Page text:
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A surprising way laundry adds flame retardants to surface waters

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In recent years, evidence has been building suggesting that flame retardants, which are used in furniture and electronics, are potentially linked to health problems. And studies have shown that the substances leach out of products, and end up in indoor dust, air and in us. Now, scientists report in ACS' journal Environmental Science & Technology how flame retardants in our homes could also be contaminating surface water through our laundry.

Previous studies have measured elevated levels of flame retardants in wastewater going into and coming out of treatment plants. Researchers have guessed that some of the compounds are getting transferred from indoors to the outdoor environment when retardant-containing clothes are laundered, and the wastewater makes its way to rivers and lakes. Miriam L. Diamond and colleagues wanted to test that theory.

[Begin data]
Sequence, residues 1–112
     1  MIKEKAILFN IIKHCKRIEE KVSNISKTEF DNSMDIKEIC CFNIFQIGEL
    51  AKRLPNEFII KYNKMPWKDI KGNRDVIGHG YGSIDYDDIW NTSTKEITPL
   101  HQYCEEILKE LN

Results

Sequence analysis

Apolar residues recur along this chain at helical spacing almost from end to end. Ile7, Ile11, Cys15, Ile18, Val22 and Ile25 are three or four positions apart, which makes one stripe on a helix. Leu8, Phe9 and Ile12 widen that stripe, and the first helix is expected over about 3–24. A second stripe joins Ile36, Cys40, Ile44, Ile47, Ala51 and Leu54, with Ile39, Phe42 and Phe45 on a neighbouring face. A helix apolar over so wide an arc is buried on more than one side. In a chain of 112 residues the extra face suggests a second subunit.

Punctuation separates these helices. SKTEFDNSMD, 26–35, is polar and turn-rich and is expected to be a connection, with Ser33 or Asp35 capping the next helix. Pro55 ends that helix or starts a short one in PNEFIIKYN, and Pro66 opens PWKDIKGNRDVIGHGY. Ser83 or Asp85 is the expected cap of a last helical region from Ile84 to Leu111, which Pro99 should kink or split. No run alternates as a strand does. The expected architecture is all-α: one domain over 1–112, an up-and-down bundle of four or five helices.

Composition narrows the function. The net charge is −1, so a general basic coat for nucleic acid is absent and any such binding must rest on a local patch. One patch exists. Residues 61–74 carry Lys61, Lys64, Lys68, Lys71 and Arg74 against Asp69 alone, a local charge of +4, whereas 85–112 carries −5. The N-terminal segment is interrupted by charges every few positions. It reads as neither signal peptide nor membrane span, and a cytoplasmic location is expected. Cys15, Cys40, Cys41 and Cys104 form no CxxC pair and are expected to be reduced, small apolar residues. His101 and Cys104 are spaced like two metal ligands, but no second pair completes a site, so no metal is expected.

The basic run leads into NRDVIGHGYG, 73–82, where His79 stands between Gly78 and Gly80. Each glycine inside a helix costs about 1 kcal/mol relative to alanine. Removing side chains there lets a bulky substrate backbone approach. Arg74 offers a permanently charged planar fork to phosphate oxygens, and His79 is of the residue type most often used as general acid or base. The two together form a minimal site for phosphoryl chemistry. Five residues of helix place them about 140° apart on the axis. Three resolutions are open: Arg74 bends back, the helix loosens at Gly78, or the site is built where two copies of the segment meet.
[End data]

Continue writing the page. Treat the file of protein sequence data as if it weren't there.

In a pilot study, the researchers found that cotton and polyester fabrics accumulate flame retardants and plasticizers called phthalates from the air in an indoor office environment. When the fabrics were laundered, a range of these substances flowed into the wash water, which ultimately gets treated and released into the environment. The results could have implications for both aquatic life and people, the researchers say.

The authors acknowledge funding from the Natural Sciences and Engineering Research Council of Canada, the Allergy, Genes and Environment Network and the University of Toronto Scarborough.

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The paper's abstract will be available on Aug. 10 here: http://pubs.acs.org/doi/abs/10.1021/acs.est.6b02038

The American Chemical Society is a nonprofit organization chartered by the U.S. Congress. With nearly 157,000 members, ACS is the world's largest scientific society and a global leader in providing access to chemistry-related research through its multiple databases, peer-reviewed journals and scientific conferences. Its main offices are in Washington, D.C., and Columbus, Ohio.

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